Status of Wind-Diesel Applications in Arctic Climates: Preprint

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The rising cost of diesel fuel and the environmental regulation for its transportation, use, and storage, combined with the clear impacts of increased arctic temperatures, is driving remote communities to examine alternative methods of providing power. Over the past few years, wind energy has been increasingly used to reduce diesel fuel consumption, providing economic, environmental, and security benefits to the energy supply of communities from Alaska to Antarctica. This summary paper describes the current state of wind-diesel systems, reviews the operation of wind-diesel plants in cold climates, discusses current research activities pertaining to these systems, and addresses their technical and ... continued below

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17 p.

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Baring-Gould, I. & Corbus, D. December 1, 2007.

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Description

The rising cost of diesel fuel and the environmental regulation for its transportation, use, and storage, combined with the clear impacts of increased arctic temperatures, is driving remote communities to examine alternative methods of providing power. Over the past few years, wind energy has been increasingly used to reduce diesel fuel consumption, providing economic, environmental, and security benefits to the energy supply of communities from Alaska to Antarctica. This summary paper describes the current state of wind-diesel systems, reviews the operation of wind-diesel plants in cold climates, discusses current research activities pertaining to these systems, and addresses their technical and commercial challenges. System architectures, dispatch strategies, and operating experience from a variety of wind-diesel systems in Alaska will be reviewed. Specific focus will also be given to the control of power systems with large amounts of wind generation and the complexities of replacing diesel engine waste heat with excess wind energy, a key factor in assessing power plants for retrofit. A brief overview of steps for assessing the viability of retrofitting diesel power systems with wind technologies will also be provided. Because of the large number of isolated diesel minigrids, the market for adding wind to these systems is substantial, specifically in arctic climates and on islands that rely on diesel-only power generation.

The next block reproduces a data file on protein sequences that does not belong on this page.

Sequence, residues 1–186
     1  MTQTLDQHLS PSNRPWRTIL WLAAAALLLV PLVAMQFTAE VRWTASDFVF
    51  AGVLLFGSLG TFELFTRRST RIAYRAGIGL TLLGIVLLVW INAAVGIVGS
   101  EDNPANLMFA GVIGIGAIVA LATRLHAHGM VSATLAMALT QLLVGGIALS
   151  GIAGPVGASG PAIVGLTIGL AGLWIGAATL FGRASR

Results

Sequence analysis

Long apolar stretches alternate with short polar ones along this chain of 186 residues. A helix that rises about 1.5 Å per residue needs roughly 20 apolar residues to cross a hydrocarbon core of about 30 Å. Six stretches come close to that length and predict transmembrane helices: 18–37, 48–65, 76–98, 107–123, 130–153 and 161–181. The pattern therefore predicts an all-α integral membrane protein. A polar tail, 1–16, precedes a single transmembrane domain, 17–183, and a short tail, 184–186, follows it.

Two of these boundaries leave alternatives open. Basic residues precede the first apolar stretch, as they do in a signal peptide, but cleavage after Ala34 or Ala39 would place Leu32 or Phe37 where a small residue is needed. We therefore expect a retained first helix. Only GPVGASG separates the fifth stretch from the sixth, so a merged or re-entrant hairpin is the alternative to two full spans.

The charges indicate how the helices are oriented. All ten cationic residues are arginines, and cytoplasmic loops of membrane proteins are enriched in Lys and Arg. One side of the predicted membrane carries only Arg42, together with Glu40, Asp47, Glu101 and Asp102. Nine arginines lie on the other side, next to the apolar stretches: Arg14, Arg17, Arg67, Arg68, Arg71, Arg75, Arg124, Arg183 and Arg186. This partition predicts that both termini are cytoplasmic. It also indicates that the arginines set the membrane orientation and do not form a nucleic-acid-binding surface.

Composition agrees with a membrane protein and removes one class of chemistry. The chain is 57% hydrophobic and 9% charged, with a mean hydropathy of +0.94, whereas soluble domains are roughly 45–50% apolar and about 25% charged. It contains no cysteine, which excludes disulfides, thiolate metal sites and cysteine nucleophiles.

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17 p.

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  • Presented at The Arctic Energy Summit Technology Conference, 15-18 October 2007, Anchorage, Alaska

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  • Report No.: NREL/CP-500-42401
  • Grant Number: AC36-99-GO10337
  • Office of Scientific & Technical Information Report Number: 920935
  • Archival Resource Key: ark:/67531/metadc894293

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Office of Scientific & Technical Information Technical Reports

Reports, articles and other documents harvested from the Office of Scientific and Technical Information.

Office of Scientific and Technical Information (OSTI) is the Department of Energy (DOE) office that collects, preserves, and disseminates DOE-sponsored research and development (R&D) results that are the outcomes of R&D projects or other funded activities at DOE labs and facilities nationwide and grantees at universities and other institutions.

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  • December 1, 2007

Added to The UNT Digital Library

  • Sept. 27, 2016, 1:39 a.m.

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  • April 3, 2017, 8:45 p.m.

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Baring-Gould, I. & Corbus, D. Status of Wind-Diesel Applications in Arctic Climates: Preprint, article, December 1, 2007; Golden, Colorado. (digital.library.unt.edu/ark:/67531/metadc894293/: accessed November 22, 2017), University of North Texas Libraries, Digital Library, digital.library.unt.edu; crediting UNT Libraries Government Documents Department.